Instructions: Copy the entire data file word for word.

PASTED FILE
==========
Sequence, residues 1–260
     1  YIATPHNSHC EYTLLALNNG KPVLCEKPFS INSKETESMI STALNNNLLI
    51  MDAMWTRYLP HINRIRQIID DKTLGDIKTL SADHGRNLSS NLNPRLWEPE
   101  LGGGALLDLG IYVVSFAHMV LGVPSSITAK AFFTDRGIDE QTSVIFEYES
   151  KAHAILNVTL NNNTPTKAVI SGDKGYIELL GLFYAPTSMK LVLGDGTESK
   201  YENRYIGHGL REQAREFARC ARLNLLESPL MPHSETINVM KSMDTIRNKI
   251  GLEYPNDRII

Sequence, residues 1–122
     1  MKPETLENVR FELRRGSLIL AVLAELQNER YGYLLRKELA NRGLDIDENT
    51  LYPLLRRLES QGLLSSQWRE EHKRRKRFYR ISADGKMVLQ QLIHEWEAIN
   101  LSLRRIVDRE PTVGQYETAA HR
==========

Sequence, residues 1–260
     1  YIATPHNSHC EYTLLALNNG KPVLCEKPFS INSKETESMI STALNNNLLI
    51  MDAMWTRYLP HINRIRQIID DKTLGDIKTL SADHGRNLSS NLNPRLWEPE
   101  LGGGALLDLG IYVVSFAHMV LGVPSSITAK AFFTDRGIDE QTSVIFEYES
   151  KAHAILNVTL NNNTPTKAVI SGDKGYIELL GLFYAPTSMK LVLGDGTESK
   201  YENRYIGHGL REQAREFARC ARLNLLESPL MPHSETINVM KSMDTIRNKI
   251  GLEYPNDRII

Sequence, residues 1–122
     1  MKPETLENVR FELRRGSLIL AVLAELQNER YGYLLRKELA NRGLDIDENT
    51  LYPLLRRLES QGLLSSQWRE EHKRRKRFYR ISADGKMVLQ QLIHEWEAIN
   101  LSLRRIVDRE PTVGQYETAA HR